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The results were dark amber infusions with earthy-to-floral aromas. Nothing special was leaping out at me, yet. Then I took a sip. Holy whoah. It was like someone decided to see what would happen if a high altitude black tea made sweet-sweet love to a young sheng pu-erh. Flavors present were flowers, fruit, earth, sweetened wood, and…blanket.

Yes, blanket. This was one heckuva relaxing black tea. I just wanted to curl up with it, and talk about our future plans together.

Nan Nuo High Mountain Immortal Dew 2009 Loose Sheng Pu-Erh

Probably one of the most unique aged shengs I’ve come across. It was made in a small village called Duo Yi, at the summit of Nan Nuo.

Duo Yi Shu

Photo taken (and owned by) Villie Jokinen

No paved roads lead to the village, and many of the tea trees in the area range from 700-to-900 years old. This Nan Nuo sheng wasn’t commonly prepared for export, but rather used for everyday drinking for the Hani folks that prepared it.

The leaves were just as long and twisty as the Nan Nuo hong cha, but greener and wider. Plus, the scent they gave off was straight grapes. I’ve only ever encountered one other pu-erh that had that aromatic effect. Said smell also helped me tell the two teas apart.

In a typical gongfoolish fashion, I brewed about a tablespoon of the long leaves in a 6oz. gaiwan – using boiled water. Each infusion was roughly thirty seconds. To be honest, I wasn’t keeping accurate count.

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The result was three starter steeps of bright green-to-amber liquors wafting springtime scents of lemon and grapes. On taste, the grape lean continued even stronger. There was a winy note to the pu-erh, one that comes with at least five years of age. The sensation was like tasting a heated Riesling. In more oblique terms, it was like being fed grape juice that was pulverized by the feet of a goddess.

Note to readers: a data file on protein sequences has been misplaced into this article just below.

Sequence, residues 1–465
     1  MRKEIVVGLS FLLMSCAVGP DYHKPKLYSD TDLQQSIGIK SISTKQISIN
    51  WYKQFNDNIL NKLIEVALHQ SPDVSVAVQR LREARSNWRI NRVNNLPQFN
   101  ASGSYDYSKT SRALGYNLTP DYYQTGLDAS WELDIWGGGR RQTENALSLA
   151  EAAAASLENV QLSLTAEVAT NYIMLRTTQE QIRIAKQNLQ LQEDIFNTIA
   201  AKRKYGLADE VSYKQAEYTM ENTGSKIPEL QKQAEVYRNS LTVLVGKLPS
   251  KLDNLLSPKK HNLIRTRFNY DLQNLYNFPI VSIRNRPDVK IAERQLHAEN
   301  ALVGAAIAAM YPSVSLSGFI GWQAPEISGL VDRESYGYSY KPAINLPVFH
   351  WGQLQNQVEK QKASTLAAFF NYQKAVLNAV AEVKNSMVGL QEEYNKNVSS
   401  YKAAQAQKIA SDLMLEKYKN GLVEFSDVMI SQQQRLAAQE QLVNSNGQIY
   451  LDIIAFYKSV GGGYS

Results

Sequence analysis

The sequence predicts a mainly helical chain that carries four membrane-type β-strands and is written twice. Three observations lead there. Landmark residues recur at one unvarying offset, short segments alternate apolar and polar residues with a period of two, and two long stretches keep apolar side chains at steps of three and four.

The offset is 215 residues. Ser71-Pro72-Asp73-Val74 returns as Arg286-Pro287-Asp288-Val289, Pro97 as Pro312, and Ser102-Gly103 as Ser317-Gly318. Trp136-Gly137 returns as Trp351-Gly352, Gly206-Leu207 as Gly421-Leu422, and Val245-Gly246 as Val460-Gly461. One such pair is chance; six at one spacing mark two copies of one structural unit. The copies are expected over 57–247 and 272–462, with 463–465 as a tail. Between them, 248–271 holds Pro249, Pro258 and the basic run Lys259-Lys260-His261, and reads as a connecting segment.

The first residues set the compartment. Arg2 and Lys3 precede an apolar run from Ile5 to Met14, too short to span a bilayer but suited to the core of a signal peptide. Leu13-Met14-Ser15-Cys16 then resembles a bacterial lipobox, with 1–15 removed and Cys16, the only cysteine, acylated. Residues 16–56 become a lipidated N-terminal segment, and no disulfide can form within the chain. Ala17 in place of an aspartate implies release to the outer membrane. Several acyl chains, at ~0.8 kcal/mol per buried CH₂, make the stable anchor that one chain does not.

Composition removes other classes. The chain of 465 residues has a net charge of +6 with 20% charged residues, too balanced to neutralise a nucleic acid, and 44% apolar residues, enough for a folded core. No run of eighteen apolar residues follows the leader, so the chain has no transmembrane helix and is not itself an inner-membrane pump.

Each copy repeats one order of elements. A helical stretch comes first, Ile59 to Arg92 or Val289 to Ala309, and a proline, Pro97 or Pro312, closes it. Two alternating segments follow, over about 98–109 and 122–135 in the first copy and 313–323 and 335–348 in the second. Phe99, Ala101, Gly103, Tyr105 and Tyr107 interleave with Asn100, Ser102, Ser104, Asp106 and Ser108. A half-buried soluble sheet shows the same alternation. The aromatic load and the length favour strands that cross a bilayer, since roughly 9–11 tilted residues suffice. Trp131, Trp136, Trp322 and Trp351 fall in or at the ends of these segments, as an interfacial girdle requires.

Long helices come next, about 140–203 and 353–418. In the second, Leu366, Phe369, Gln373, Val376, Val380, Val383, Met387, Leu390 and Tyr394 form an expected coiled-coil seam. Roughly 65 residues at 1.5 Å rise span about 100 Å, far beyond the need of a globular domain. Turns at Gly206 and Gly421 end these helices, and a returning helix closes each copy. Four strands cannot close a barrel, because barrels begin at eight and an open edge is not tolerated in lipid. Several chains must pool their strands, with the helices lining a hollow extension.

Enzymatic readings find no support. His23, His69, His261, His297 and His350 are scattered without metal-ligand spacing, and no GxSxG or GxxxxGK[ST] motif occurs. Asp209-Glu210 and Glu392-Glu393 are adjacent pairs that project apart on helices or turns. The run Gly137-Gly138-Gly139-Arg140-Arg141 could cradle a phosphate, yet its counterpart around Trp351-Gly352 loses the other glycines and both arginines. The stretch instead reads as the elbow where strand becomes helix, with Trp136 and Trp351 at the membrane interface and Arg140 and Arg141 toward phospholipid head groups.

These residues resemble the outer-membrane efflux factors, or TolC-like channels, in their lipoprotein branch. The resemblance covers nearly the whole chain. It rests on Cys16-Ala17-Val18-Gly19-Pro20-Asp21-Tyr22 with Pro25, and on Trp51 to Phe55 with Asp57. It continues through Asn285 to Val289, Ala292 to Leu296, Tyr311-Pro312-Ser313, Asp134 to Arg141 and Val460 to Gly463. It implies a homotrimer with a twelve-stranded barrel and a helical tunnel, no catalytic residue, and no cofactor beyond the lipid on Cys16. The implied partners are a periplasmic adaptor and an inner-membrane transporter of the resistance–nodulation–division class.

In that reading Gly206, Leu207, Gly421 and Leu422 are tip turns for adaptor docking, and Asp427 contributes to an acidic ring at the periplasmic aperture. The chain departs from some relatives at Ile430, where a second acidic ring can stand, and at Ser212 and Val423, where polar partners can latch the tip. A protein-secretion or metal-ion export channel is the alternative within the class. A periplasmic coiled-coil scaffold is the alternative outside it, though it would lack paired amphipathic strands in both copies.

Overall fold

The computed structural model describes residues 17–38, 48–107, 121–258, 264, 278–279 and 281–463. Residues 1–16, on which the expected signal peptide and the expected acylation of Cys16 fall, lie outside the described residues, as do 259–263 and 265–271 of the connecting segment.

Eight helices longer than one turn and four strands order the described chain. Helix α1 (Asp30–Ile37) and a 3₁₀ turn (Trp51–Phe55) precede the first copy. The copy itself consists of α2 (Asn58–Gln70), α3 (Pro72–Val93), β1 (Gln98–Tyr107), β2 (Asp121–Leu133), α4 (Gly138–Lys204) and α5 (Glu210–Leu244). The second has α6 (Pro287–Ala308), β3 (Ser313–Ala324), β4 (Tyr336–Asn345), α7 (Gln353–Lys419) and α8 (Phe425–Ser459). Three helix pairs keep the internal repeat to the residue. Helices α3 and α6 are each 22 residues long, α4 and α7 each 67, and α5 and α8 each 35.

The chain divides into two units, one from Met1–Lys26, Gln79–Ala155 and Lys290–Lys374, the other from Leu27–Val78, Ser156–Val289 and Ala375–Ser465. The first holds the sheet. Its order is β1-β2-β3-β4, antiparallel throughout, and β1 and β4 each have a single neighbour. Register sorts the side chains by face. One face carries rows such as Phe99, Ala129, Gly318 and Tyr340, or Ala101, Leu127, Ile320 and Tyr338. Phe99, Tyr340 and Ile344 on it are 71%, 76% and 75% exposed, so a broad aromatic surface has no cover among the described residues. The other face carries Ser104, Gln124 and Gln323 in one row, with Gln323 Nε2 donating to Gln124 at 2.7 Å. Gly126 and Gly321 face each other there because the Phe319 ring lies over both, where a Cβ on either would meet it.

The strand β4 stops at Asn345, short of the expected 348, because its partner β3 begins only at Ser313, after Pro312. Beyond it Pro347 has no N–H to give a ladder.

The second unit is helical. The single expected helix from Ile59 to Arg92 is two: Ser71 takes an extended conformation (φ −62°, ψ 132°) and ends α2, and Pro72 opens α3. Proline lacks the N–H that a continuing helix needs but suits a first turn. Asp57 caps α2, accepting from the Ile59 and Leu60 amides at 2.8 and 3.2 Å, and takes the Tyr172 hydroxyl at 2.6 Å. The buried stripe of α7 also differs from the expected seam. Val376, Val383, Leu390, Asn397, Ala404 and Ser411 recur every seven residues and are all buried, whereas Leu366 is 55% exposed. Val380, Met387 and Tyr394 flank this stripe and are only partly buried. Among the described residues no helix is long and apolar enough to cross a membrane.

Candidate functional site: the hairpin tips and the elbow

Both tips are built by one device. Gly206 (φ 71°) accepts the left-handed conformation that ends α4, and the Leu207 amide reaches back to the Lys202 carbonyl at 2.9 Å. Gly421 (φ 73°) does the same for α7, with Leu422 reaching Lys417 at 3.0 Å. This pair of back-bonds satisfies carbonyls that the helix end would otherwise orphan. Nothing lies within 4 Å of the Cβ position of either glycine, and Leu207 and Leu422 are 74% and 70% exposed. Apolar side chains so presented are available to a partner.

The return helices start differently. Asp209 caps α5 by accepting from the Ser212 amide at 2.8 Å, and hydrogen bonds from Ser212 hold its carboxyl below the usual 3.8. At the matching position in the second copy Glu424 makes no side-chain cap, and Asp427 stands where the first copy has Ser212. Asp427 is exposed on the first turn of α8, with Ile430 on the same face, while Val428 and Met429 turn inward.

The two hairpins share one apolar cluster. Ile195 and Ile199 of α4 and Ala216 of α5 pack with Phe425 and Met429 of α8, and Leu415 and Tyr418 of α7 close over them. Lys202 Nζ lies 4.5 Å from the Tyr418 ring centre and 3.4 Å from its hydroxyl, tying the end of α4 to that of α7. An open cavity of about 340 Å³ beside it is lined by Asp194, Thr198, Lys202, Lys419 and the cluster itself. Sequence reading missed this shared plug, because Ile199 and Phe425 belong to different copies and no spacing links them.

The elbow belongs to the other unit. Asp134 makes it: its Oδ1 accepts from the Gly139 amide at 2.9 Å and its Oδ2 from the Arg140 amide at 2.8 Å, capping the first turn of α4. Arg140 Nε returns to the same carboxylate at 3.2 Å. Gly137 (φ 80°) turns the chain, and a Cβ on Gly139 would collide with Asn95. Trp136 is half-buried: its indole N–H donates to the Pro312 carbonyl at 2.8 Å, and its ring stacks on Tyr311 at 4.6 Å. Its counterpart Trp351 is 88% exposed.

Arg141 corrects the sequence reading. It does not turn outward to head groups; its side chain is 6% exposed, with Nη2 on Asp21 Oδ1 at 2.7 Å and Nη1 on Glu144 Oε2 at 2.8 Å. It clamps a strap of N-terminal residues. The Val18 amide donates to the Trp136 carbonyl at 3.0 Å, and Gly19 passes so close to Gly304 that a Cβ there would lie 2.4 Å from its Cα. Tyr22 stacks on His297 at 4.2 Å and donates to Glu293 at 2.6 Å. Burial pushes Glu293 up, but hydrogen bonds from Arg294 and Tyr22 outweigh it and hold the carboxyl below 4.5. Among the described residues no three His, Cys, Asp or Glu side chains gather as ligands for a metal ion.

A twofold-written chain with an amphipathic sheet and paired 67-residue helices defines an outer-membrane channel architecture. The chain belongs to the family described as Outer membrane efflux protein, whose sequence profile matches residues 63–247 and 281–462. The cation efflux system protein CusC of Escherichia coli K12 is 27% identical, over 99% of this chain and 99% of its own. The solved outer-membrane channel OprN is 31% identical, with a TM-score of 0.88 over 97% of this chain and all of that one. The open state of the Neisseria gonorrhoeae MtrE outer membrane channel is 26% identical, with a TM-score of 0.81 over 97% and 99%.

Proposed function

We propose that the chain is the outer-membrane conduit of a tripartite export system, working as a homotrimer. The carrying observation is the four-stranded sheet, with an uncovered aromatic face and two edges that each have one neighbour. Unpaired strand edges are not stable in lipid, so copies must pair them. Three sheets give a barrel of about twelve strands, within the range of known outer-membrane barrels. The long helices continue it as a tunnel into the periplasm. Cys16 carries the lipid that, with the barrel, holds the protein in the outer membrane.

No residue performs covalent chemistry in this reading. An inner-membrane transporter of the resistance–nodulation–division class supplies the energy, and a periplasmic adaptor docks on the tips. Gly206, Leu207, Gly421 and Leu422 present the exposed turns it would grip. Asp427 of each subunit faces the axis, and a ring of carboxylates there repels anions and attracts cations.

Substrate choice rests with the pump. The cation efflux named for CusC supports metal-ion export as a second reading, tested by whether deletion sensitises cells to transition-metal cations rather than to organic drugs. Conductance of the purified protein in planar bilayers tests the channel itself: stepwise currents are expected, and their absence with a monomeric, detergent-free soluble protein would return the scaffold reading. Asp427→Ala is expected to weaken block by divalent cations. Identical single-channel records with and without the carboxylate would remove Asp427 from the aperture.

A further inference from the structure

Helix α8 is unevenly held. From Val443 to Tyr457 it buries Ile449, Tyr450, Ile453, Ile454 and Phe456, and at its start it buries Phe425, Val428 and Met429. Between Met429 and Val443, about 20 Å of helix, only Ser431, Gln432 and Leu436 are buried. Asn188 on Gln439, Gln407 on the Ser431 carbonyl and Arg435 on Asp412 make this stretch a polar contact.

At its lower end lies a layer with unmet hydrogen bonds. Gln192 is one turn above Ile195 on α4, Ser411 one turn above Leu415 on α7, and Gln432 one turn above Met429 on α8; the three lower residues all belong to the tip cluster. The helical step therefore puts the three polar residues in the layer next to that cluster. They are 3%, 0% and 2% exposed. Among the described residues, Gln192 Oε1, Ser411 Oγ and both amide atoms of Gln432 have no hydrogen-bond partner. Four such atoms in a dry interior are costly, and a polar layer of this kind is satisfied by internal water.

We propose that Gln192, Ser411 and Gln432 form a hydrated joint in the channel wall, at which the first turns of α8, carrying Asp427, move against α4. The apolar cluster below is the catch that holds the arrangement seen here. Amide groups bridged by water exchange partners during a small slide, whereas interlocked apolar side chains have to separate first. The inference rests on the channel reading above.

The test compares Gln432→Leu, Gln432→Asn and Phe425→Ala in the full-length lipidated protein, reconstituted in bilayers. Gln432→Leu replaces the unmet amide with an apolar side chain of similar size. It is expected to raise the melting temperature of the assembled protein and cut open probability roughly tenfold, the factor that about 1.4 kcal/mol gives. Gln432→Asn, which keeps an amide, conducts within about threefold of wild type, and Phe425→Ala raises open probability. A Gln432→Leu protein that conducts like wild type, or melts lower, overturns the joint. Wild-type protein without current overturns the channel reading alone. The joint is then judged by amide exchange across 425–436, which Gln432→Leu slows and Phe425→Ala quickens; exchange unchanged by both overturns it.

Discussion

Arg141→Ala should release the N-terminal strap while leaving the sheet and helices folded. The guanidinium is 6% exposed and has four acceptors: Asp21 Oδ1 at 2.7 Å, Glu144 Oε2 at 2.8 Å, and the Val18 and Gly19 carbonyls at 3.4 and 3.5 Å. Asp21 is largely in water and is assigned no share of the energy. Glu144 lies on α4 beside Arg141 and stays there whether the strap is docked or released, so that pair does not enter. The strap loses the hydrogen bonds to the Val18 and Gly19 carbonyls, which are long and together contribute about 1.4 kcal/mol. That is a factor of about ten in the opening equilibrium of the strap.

Nan Nuo pu-erhs still have no equal.

Favorite?

I have to be an indecisive schmuck again. Everyone’s a winner here. I’m so beyond ecstatic that I got to try such a rare black tea from the mountain, and even more stoked that there was a new style of Nan Nuo pu-erh I hadn’t tried yet. The only thing that’s settled is that Nan Nuo Shan is now on my tea-do vacation list.

Paved roads or no.

We don't need roads

Playing with Purple Tea before a Tandem Taiwanese Tasting

So, the events herein are from a couple of weeks ago, but the work week from Hades prevented its etching onto this holiest blog-tomes. But…here it is now. Late. As expected. As always.

Big Brass Butiki-s, Round 2: “Playing with Purple Tea before a Tandem Taiwanese Tasting”

(How’s that for a long-arse title?)

March’s Tandem Tea Tasters Googly meet-up was scheduled for the last week in March. The tea in question was to be Butiki Teas’ Taiwanese Wild Mountain Black. A fabulous tea, if I do say so. Problem was, I already used up all of my sample…for this write-up.

Originally, my plan was to use my remaining Taiwanese Assam in substitution. Then a better idea hit me. Yes, I occasionally have those. Not often, but sometimes.

There were two other teas I had to notch off for write-up purposes, and I was getting off work early enough to do a proper…uh…”analysis”. The two in question were an oolong and green tea made from the Kenyan “Purple Tea” cultivar – TRFK 306/1.

I covered this manmade tea plant strain on two separate occasions. Butiki was actually the first company I approached about trying one. Thanks to them, I was one of the first “reviewers” to cover the unique plant. Several months later, I ran into a white version of the tea. It was only natural that it’d show up in other forms eventually. And – boy-howdy – did it.

The two Butiki was a steamed green tea variant and an oolong.

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The leaves for the Steamed Purple Green looked a lot like the regular orthodox Purple Tea of Kenya, except for the leaf-rolling caveat. Yes, the leaves were about the same size as the regular Purple, but they were more – well – leafy in appearance, instead of flaky. The aroma reminded me of something between a Kabusecha and a Long Jing. If it weren’t for the dark hue to the Purple, I wouldn’t have known what I was whiffing. It was sweet, slightly vegetal, and mildly mineral-like.